[Protein-analysis] Re: Several questions

Fredo via proteins%40net.bio.net (by fredo At hotmail.com)
Wed Dec 13 16:56:32 EST 2006


> 3. I was told that the more introns that you have, the greater your
> lifespan. But if all genes are at fixed loci, how can one human have
> more introns than another? It seems to me that loci positions would
> restrict intron length.
>

Your other questions were answered.

I think you're confusing introns with telomeres here. There's not really a 
direct connection between telomere length and lifespan, but it works like 
this:

Telomeres are repetetive sequences at the end of chromosomes. When a 
chromosome is replicated, the ends get lost, so the telomeres act as a sort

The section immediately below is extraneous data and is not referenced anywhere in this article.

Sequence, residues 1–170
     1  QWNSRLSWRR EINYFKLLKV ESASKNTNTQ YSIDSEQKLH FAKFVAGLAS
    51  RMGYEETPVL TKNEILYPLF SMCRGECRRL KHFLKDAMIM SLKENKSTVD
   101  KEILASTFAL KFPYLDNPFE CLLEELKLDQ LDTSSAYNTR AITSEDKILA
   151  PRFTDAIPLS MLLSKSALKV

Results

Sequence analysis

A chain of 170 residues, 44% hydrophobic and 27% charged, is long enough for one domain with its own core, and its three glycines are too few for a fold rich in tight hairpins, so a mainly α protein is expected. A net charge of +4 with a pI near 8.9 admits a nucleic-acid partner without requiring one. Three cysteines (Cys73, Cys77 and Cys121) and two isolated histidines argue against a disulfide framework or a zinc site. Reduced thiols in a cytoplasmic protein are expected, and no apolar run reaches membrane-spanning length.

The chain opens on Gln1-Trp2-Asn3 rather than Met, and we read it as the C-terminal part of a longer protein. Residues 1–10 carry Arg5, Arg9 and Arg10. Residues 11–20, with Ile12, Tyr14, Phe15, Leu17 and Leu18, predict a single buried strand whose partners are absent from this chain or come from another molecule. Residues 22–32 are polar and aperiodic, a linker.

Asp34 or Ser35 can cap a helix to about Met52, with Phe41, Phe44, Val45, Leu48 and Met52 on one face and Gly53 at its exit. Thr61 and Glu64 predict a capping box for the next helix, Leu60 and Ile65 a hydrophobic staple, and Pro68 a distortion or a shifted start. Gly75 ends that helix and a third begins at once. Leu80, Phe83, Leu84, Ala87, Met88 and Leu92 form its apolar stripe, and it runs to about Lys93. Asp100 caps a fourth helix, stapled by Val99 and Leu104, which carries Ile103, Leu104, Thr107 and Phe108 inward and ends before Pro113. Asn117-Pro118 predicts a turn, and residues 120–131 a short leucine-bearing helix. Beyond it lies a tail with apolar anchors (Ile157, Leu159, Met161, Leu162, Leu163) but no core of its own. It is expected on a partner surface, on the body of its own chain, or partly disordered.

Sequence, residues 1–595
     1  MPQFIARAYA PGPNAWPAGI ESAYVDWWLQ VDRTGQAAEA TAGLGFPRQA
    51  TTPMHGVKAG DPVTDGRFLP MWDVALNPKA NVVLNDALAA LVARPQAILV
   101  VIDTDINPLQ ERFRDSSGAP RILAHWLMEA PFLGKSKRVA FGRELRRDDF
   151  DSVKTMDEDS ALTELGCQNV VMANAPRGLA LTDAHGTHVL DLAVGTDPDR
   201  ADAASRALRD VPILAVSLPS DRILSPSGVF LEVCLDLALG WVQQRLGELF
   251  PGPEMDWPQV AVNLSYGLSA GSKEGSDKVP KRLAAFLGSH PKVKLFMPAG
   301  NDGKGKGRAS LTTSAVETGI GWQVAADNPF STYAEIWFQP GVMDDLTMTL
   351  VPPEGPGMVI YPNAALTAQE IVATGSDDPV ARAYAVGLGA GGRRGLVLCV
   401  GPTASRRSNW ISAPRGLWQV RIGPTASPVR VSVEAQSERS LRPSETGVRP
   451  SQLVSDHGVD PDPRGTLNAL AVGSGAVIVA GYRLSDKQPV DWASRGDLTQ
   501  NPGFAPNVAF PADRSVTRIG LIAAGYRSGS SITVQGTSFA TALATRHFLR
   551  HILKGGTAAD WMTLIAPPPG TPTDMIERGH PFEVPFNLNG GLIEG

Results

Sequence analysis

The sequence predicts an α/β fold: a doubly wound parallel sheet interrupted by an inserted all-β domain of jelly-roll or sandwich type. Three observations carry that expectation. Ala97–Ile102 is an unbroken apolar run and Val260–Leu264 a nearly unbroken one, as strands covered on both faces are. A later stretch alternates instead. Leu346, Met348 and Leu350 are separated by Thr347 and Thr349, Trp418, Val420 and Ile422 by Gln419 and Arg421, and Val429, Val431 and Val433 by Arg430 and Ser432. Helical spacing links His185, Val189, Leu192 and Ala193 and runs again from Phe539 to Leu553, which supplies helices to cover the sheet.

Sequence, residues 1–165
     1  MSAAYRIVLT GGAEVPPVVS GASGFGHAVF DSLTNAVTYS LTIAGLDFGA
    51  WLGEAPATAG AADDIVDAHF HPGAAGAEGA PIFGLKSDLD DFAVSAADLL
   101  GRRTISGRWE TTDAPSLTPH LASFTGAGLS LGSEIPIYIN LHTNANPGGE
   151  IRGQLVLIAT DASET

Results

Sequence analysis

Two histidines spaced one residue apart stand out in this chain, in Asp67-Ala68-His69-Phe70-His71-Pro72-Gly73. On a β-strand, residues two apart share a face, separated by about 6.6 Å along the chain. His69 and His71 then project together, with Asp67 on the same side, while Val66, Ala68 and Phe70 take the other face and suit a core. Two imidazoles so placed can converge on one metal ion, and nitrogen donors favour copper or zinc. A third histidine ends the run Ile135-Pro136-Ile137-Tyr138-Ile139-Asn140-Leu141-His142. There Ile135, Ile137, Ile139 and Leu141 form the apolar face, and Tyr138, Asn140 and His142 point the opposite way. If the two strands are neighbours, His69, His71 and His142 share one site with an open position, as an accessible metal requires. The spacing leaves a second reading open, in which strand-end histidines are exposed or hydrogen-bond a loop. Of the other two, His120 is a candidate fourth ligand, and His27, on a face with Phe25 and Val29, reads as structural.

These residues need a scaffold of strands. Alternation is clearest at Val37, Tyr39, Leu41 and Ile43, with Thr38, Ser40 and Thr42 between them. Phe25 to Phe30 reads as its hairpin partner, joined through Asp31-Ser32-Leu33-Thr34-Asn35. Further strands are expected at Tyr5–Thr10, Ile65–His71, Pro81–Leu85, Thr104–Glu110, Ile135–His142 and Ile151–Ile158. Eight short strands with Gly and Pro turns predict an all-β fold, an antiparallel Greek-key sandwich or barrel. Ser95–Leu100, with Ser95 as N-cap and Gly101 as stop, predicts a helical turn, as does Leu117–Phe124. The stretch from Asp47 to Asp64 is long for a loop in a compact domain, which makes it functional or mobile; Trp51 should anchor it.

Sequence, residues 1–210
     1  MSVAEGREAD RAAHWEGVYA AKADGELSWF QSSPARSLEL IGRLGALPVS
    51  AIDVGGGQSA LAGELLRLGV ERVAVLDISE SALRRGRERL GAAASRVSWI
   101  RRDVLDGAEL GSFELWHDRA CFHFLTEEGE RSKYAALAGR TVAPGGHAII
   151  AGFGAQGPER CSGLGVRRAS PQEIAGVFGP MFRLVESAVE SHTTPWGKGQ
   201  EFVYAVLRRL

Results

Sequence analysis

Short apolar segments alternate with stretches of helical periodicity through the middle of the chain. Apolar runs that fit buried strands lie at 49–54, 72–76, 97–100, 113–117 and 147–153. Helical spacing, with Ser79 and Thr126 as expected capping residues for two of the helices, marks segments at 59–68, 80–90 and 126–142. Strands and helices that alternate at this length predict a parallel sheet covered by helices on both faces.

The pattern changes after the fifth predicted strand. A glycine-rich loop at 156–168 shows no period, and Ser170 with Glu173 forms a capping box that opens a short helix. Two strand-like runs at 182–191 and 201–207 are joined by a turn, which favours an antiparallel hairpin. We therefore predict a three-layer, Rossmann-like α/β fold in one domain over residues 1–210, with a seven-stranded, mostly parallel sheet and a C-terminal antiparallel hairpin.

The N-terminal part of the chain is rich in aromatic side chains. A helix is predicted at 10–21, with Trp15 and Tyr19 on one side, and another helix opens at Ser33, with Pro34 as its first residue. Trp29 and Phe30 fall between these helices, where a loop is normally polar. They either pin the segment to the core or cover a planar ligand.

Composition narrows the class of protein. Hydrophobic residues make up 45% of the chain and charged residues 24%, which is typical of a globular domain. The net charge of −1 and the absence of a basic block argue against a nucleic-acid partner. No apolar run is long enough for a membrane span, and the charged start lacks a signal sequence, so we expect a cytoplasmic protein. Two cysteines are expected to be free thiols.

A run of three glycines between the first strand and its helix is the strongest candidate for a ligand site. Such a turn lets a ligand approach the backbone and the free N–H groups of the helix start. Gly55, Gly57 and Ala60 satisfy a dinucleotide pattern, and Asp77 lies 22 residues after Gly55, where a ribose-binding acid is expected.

of buffer of losable material.

When you run out of telomeres, your DNA will start missing vital stuff, 
eventually, and then you'll die from a lack of one or more vital proteins. 
This is a problem with animal clones. The cloned DNA has whatever telomere 
length the parent had, whereas an ovum fertilized from a sperm gets its own 
brand new set of telomeres.

I don't think this is a normal cause of death in people. I think organs 
usually give out, or disease develops, before your run out of telomeres, but 
I could be wrong. 




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